• Add an equal amount of benedict solution.
  • Boil the mixture for 4 – 6 minutes. A bricks-red or orange precipitate indicates the presence of glucose.

(b) To test for complex sugar e.g. sucrose, maltose or lactose

  • Put a small quantity of the sucrose solution in a test-tube
  • Add a few drops of dilute hydrochloric acid to the solution, (This hydrolyses the complex sugar to simple sugar)
  • Place the test-tube in a boiling water bath for a few minutes.
  • Add a few drops of dilute caustic soda (to neutralize the excess acid).
  • Add an equal amount of Fehling’s solution and place the test-tube in a boiling bath. An orange-red precipitate/yellow precipitate indicates the presence of sucrose.

(c) To test for starch

  • Boil a sample of the starch material (e.g. yam/rice)
  • Add a few drops of dilute iodine solution to it. A blue-black colouration indicates the presence of starch.
  1. To test for proteins:

(a) Biuret test

  • Take a small quantity of fresh milk, egg white solution or malt extract in a test-tube.
  • Add a few drops of water and 1cm³ of dilute sodium hydroxide.
  • Carefully add 1% of copper II sulphate solution in drops. Shake the mixture thoroughly after each drop.
  • A violet or purple, colour indicates the presence of protein
  • A pink colour indicates the presence of peptones.

(b) Millon’s test

  • Put 3cm³ of egg white or colloidal solution of a protein into a test-tube
  • Add 3cm³ of Millon’s reagent and warm the mixture in a water bath for a few minutes.
  • A deep red colour or precipitate shows the presence of protein.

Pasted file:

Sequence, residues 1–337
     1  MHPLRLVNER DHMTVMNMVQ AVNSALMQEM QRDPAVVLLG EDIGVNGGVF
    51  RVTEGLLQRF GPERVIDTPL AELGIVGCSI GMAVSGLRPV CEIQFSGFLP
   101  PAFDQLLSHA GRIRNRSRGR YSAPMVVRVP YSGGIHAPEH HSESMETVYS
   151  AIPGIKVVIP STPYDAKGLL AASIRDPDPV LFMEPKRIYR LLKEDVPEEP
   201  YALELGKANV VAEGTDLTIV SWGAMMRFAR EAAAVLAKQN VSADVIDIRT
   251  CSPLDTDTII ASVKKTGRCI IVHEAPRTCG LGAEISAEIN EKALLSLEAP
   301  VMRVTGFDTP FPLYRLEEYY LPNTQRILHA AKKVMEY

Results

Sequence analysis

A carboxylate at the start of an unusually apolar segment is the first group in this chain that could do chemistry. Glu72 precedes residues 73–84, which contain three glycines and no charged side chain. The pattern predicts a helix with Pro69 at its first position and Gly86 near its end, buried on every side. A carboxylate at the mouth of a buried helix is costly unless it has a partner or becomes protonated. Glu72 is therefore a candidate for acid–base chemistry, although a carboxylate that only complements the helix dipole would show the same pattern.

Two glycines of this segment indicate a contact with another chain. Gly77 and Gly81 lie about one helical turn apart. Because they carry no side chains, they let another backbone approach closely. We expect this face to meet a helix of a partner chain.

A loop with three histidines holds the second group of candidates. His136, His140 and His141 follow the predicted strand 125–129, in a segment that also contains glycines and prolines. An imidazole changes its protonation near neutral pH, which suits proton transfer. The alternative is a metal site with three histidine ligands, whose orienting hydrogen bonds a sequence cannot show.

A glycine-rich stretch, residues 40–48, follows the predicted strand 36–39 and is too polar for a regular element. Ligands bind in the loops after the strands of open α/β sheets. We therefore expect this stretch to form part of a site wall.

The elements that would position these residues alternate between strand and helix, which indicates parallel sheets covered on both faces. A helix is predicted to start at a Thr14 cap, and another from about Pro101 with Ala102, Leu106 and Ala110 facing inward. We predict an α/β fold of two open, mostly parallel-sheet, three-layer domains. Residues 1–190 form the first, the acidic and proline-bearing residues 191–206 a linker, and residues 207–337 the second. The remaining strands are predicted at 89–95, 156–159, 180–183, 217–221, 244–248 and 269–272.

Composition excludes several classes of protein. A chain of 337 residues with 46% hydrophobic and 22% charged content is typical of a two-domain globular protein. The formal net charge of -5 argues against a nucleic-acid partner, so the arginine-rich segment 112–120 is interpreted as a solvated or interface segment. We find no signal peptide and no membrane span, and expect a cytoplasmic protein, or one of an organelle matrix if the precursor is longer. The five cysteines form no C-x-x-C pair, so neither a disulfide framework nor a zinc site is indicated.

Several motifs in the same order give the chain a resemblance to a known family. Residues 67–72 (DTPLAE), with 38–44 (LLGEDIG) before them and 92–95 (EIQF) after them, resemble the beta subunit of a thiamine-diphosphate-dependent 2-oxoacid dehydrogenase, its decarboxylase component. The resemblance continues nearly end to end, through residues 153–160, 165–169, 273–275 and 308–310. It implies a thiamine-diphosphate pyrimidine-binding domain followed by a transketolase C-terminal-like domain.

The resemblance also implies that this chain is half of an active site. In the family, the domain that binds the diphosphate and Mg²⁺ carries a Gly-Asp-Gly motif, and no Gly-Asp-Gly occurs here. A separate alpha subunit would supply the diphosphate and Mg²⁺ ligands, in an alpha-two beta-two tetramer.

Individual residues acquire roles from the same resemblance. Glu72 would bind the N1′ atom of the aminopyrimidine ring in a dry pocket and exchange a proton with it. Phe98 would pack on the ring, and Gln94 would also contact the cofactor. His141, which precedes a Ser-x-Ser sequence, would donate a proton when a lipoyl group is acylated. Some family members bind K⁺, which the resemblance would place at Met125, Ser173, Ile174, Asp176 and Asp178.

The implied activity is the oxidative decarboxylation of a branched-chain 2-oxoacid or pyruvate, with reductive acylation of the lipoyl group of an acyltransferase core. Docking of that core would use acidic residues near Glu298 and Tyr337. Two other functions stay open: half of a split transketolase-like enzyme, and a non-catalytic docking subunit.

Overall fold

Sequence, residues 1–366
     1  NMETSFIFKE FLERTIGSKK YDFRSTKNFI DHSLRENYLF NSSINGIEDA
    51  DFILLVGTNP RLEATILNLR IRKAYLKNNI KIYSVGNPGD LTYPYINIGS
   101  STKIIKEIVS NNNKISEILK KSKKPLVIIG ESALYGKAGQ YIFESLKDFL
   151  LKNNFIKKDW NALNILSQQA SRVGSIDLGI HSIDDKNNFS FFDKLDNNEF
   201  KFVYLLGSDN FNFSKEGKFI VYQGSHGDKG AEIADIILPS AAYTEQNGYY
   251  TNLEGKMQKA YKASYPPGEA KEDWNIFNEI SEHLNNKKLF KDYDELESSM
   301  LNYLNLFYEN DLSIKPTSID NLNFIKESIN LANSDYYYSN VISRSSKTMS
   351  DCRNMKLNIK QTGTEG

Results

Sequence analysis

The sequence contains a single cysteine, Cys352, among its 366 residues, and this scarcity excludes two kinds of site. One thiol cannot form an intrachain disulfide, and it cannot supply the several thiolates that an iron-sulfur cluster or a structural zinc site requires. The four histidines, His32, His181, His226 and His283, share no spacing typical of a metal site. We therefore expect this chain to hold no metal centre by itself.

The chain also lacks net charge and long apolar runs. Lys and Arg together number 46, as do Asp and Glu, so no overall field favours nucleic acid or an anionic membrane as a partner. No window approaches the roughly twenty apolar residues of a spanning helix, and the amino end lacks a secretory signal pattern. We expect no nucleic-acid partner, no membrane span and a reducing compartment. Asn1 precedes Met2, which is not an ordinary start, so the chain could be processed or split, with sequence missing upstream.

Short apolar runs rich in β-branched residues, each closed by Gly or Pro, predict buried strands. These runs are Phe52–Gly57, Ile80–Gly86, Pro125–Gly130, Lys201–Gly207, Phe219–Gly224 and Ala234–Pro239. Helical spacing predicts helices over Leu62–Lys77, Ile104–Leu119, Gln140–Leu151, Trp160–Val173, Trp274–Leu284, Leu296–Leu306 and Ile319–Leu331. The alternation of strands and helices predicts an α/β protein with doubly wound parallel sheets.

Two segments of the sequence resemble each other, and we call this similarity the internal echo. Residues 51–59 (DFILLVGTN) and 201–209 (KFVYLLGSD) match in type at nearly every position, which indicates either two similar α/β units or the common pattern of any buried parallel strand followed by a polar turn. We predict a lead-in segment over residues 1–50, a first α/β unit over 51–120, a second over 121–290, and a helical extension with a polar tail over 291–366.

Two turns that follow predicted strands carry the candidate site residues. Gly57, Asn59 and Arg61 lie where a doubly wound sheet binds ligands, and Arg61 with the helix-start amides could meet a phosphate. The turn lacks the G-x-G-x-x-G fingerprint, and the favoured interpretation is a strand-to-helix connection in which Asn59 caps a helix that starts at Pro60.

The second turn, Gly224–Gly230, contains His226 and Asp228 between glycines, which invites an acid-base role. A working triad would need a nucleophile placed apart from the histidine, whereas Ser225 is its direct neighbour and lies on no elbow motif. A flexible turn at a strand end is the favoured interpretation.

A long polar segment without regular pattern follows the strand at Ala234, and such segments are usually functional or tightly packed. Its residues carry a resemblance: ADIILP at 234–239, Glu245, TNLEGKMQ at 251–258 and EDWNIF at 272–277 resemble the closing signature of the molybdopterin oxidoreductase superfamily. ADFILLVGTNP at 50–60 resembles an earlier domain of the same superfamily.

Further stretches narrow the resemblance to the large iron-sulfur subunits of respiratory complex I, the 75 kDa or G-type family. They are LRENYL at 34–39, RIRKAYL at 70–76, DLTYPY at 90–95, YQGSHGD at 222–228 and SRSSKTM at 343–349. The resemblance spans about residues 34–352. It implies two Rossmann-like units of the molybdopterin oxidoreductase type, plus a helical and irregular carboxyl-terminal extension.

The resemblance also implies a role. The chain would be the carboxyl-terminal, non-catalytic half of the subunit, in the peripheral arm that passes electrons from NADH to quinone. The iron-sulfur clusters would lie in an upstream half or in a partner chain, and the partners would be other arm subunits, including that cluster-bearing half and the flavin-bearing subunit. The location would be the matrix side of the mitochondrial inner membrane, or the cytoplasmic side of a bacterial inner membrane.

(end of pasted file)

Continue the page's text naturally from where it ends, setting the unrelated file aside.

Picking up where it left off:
(c) Xanthoproteic test

  • Put 2cm³ of egg white or milk solution in a test-tube.
  • Carefully add about 1cm³ concentrated trioxonitrate(v) acids. A white precipitate forms which turn yellow on heating.
  • Cool the contents and add about 3cm³ of ammonium hydroxide solution. Heat the solution and allow it to cool. The colour of the precipitate deepens to orange indicating the presence of protein.
  1. To test for fats and oils:

(a) Translucent mark test

  • Drop oil on a spot, on a piece of paper or rub the surface of a fatty food against the surface of a piece of white paper. A translucent mark shows the presence of fat.

(b) Sudan III test

  • Add a few drops of Sudan (iii) solution to some oil in a test-tube. The red colouration is obtained
  • Boil the solution. A black precipitate is formed.


In our next class, we will be talking about Modes of Nutrition.  We hope you enjoyed the class.

Should you have any further question, feel free to ask in the comment section below and trust us to respond as soon as possible.